After a wave of violence, Ethiopian activists said Facebook was being used to incite violence and promote discrimination.
“The truth is, despite good intentions, these companies do not guarantee uniform application or enforcement of their rules,” said Agustina Del Campo, director of the Center for Freedom of Expression Studies at the University of Palermo in Buenos Aires. “And often they lack context and understanding when they try.”
In many countries, it is believed that Facebook bases its actions on its business interests rather than human rights. In India, home of most of Facebook’s users, the company has been accused of not monitoring anti-Muslim content from political figures for fear of angering the government of Prime Minister Narendra Modi and his ruling party.
“The developments in our countries are not being seriously addressed,” said Mishi Choudhary, a technology lawyer and founder of the Software Freedom Law Center, a digital rights group in India. “Any deletion of content raises the question of freedom of expression, but inciting violence or using a platform for dangerous speech is not a question of free speech, but a question of democracy, law and order.”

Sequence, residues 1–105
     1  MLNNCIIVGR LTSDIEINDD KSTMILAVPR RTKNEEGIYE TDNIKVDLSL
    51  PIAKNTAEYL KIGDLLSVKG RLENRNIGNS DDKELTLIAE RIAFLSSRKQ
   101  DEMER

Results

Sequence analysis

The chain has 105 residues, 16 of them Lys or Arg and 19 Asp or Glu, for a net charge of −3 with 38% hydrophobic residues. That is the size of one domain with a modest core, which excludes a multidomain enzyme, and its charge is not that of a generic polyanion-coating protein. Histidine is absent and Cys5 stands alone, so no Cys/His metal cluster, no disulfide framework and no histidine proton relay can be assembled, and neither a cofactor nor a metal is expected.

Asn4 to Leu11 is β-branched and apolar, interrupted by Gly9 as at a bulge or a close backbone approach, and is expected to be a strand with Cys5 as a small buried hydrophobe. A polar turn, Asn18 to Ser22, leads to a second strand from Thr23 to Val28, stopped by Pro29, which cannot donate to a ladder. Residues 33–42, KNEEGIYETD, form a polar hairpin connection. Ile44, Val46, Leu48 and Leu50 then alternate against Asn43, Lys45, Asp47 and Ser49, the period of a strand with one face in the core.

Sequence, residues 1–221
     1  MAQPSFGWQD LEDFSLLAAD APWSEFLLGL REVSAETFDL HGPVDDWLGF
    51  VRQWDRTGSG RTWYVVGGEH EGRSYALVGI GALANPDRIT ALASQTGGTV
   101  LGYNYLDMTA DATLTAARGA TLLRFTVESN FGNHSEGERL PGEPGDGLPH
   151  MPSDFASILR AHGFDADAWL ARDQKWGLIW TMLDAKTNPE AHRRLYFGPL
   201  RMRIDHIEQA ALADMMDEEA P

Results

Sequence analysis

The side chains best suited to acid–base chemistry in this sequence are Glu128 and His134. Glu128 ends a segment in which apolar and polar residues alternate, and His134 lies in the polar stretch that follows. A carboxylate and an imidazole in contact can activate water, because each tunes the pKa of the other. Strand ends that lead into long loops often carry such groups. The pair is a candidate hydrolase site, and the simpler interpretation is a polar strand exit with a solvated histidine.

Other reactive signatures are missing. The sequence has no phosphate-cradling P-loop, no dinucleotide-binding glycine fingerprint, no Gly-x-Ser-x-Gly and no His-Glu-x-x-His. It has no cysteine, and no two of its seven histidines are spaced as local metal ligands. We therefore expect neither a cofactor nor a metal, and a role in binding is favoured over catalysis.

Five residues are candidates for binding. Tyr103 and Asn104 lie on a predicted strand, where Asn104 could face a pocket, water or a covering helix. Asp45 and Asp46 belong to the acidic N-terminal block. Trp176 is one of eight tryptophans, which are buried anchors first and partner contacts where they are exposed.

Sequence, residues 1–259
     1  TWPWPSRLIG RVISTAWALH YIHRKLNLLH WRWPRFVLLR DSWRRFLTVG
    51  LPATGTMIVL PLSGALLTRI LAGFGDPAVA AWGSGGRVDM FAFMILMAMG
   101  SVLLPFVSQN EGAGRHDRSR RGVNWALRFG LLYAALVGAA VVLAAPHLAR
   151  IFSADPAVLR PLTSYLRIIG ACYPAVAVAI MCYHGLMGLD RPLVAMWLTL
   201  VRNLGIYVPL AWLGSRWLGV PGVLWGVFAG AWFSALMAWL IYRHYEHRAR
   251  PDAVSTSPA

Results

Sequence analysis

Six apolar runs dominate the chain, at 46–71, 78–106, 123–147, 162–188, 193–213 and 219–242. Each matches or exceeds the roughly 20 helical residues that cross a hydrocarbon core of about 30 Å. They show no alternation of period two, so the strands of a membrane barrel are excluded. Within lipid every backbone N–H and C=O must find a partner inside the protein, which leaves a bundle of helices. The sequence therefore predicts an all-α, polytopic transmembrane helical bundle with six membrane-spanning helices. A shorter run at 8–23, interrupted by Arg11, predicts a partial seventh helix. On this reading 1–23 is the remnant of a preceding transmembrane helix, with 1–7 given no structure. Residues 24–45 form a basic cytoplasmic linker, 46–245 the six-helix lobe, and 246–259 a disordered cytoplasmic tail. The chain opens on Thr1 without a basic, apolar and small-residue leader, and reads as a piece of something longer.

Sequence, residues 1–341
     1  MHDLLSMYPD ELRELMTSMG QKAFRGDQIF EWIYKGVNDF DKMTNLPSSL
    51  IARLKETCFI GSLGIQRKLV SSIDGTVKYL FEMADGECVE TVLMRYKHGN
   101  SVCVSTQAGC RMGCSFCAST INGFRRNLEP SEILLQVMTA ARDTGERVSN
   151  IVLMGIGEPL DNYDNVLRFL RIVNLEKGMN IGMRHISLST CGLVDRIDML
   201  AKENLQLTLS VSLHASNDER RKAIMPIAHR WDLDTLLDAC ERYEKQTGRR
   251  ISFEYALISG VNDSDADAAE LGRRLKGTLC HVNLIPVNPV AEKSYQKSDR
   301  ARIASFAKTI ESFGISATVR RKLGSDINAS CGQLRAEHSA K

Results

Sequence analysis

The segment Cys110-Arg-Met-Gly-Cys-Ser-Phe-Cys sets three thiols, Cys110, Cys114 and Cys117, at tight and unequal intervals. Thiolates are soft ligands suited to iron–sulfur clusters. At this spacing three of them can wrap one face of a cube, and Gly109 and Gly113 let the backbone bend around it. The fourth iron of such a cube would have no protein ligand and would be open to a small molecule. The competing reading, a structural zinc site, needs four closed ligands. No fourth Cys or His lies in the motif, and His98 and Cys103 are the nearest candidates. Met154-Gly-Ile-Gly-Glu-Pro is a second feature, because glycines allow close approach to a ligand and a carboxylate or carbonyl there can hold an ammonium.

But while many activists urged Facebook and Twitter to be more active in protecting human rights, they expressed their anger at the power companies have to control language and influence public opinion.
Some also warned that actions against Mr Trump would provoke a backlash, with political leaders in some countries taking steps to prevent social media companies from censoring the language.
Government officials in France and Germany raised alarm over the ban on Mr Trump’s accounts, questioning whether private corporations should be able to unilaterally silence a democratically elected leader. A draft law that is being examined for the European Union of 27 states would set new rules for the content moderation policy of the largest social networks.
Barbora Bukovská, senior director of law and politics at Article 19, a digital rights group, said the risk is particularly high in countries whose leaders have historically used social media to fuel divisions. She said the events in Washington sparked a bill in Poland by the ruling right-wing nationalist party that would punish social media companies for not removing explicitly illegal content, which could allow for greater targeting of LGBTQ people.
“These decisions about Trump were the right decisions, but there are broader questions that go beyond Trump,” said Ms. Bukovská.